Kubo and the Two Strings – The must-see summer animated feature By Kaely Monahan
Kubo and the Two Strings is an action-packed, epic adventure that will soar into the realm of “classic.” Produced by the same studio that brought us Coraline, this animated film proves that stop-animation not only has a place in cinema, but it can hold its own against glossy computer animation.
The story is set in medieval Japan. Kubo and his bother live outside a village in a cliff-cave overlooking the sea. The boy is inventive and full of zeal, as is cleverly shown by his magical origami storytelling. However, he stands out as having a physical disability. He has only one eye. The other was cut out by his evil grandfather.
Immediately this imperfection stands out against other animated heroes. Sure there have been plenty of children’s tales with parents lost and growing up poor, but few films actually allow their protagonist to be maimed in anyway. How to Train Your Dragon is a recent example, but even in that film, Hiccup’s accident happens at the end of the story.
Kubo does not let his handicap slow him down. In fact, he is mostly fine with his single eye, and is comfortable enough to crack jokes at his own expense. His verve allows him to be a star entertainer in the village, which allows him to scrap together enough coin so he hand his mother can survive.
His mother is a waif-like creature who only comes to herself after sundown. She’s a grand storyteller herself and possesses a strong magic, which Kubo has all inherited. When she is herself she warns Kubo repeatedly to never be caught outside after dark. What seems to be a mother’s overblown concern turns into a life or death situation for Kubo.
As he discovers that his grandfather is the king of the moon and his mother is a moon nymph, who fell in love with a mortal man. His father was killed by the Moon King. And his evil aunts now can track Kubo. In last ditch effort to save her son, his mother sacrifices herself using the last bit of her magic to spirit Kubo away while she fights her sisters.
When Kubo comes back to himself, he is confronted by a snow monkey who talks. Monkey is in fact the figurine he always carried brought to life. Maternal, protective and pragmatic, Monkey protects Kubo as he starts a quest to find magical armor that will protect himself from the Mooon King. Along the way they meet Beetle—a half bug-half samurai—with a memory problem but a huge heart.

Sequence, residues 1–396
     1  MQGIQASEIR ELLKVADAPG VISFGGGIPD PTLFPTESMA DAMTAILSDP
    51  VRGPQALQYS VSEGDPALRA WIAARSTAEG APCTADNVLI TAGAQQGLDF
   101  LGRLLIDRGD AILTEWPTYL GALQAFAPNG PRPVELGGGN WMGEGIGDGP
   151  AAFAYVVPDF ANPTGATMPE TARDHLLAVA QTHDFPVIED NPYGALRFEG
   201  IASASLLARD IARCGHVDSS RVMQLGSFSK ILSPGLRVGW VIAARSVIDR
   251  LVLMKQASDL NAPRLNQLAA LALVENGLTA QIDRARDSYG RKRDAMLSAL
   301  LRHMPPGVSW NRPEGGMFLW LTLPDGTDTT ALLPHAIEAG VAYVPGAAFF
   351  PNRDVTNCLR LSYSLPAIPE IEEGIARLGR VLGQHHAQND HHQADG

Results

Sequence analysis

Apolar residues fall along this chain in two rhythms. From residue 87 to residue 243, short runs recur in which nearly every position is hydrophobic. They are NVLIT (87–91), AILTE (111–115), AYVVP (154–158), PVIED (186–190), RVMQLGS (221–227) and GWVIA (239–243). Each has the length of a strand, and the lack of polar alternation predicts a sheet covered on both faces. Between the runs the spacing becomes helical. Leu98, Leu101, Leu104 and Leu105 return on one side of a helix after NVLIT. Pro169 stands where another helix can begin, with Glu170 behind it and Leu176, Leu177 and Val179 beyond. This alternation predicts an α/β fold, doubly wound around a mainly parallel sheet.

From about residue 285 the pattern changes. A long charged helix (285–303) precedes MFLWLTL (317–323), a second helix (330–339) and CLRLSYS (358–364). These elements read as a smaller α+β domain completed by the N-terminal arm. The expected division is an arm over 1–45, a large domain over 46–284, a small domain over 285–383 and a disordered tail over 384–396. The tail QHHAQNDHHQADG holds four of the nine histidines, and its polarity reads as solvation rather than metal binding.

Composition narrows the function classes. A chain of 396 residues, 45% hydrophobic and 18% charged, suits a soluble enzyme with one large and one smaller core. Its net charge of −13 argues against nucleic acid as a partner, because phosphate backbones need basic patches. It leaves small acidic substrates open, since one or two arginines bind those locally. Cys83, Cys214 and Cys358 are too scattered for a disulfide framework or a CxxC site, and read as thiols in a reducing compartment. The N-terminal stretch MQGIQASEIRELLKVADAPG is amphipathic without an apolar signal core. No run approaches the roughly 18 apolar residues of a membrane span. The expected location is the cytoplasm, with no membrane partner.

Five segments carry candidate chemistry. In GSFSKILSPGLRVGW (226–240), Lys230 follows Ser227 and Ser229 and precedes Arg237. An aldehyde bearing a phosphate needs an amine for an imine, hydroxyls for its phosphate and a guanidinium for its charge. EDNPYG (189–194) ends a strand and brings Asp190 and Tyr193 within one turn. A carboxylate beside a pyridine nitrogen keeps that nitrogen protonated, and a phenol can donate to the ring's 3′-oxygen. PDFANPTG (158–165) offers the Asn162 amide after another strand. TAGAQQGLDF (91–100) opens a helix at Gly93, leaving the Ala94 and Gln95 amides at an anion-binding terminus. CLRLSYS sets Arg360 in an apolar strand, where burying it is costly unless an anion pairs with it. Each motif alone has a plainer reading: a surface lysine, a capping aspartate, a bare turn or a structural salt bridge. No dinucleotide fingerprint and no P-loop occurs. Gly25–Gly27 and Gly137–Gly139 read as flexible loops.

Kubo and the Two Strings is non-stop action and fun. The cast is star studded with Game of Throne’s Art Parkinson voicing Kubo; Charilze Theron voicing Monkey and Matthew McConaughey playing Beetle. Even George Takei makes an appearance as one of the villager grandfathers.
Yet even better than the voice acting was the animation. Director Travis Knight and LAIKA studios proved that stop animation is still magical and visceral—more so than traditional or computer animation. The tangible quality to the characters cannot be captured by a computer, no matter how good the software. However, the film did make use of computerized backgrounds and landscapes. Combining computer with stop-motion animation made Kubo dazzle the eye.
If this film doesn’t make it to the Academy Awards for the animation category, then the Academy is doing something wrong. The only disappointment was the lack of diverse voice actors. This film was a perfect opportunity to use Japanese or even other Asian voice actors. But instead they opted for an almost entirely white cast. Hiring Takei and Cary-Hiroyuki Tagawa to add some diversity doesn’t cut it. While the cast did splendidly—in fact you cannot complain about their performance—you cannot help but cringe at the Irish-accented Kubo.
Setting aside the lack of diversity, Kubo and the Two Strings soars easily to the top for best original animated story so far this year—and is a must see for kids and adults.
- Kaely Monahan is a journalist, graduate of City University London and the creator of Popcorn Fan Film Reviews. Follow her @PopcornFans and @KaelyMonahan.